On the very same day I had a fellow from Mi say I was real low on my prices and a local guy about croak because he though I was so high.  Same exact 4x4x8'   The local bought a bunch anyway.  So I guess I wasn't too high afterall.
Title: Re: What should I pay for a cookie?
Post by: Brad_bb on April 14, 2010, 11:09:27 PM
You are right.  I calculate about 353 lbs.  I'd need a forklift to lift it.  So thanks to you I'm re-evaluating the necessary thickness.   Maybe I can get away with 6 inches?  That would only be 211 lbs.  I'm figuring 5 lbs/BF.

With regards to your analogy...I'm just figuring that this is firewood to this guy(it will end up as that) and involves one chainsaw slice.   Loading, he's got a grapple right there he's loading the firewood with...so sucker or not, $80 and $100 do seem quite high to me.  I'll figure this out somehow.  I was thinking about using some oak brace stock I have that doesn't meet grade, but do do that, I'd have to plane them and joint them for glue up, and I don't have a jointer.  I'd have to hand plane one side square.  3X5 and 4X6 stock.  It would be a bunch of work, but possible if desperate.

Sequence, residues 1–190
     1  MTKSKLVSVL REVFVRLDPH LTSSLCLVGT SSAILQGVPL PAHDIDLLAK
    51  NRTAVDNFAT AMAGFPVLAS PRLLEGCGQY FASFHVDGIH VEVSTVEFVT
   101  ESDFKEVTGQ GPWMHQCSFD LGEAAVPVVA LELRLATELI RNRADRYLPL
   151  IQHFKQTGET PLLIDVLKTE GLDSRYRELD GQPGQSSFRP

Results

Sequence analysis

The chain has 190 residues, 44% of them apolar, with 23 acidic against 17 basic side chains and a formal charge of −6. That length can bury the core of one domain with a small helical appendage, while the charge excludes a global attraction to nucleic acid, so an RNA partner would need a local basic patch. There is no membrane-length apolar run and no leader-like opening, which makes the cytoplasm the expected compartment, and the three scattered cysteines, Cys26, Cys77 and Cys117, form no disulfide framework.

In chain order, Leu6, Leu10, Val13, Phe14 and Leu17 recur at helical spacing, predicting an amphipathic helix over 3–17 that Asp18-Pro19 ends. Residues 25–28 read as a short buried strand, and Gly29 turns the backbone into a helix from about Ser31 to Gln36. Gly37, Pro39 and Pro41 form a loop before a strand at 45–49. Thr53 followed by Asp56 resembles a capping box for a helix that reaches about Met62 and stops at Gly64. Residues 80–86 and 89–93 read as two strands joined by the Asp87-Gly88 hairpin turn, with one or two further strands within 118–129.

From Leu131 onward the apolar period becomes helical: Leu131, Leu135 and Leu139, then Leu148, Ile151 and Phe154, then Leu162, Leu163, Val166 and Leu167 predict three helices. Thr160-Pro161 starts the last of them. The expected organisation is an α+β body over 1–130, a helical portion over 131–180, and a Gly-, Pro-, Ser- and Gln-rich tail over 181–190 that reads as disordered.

Title: Re: What should I pay for a cookie?
Post by: HOOF-ER on April 14, 2010, 11:47:06 PM
I would give you one also. You want to take a road trip? I think you would have more than that in gas. I have a large sycamore laying at home, my brother throws tomahawks at it. Don't have to worry about that thing splitting. ;D
Title: Re: What should I pay for a cookie?
Post by: captain_crunch on April 16, 2010, 12:47:16 PM
Go back and tell em you want a 1/2 cord un split ;D ;D then you would have a lifetime supply :) :)
Title: Re: What should I pay for a cookie?
Post by: SwampDonkey on April 16, 2010, 03:48:56 PM
No, oh no. That's $80 a linear foot. :D
Title: Re: What should I pay for a cookie?
Post by: petefrom bearswamp on April 21, 2010, 07:23:45 PM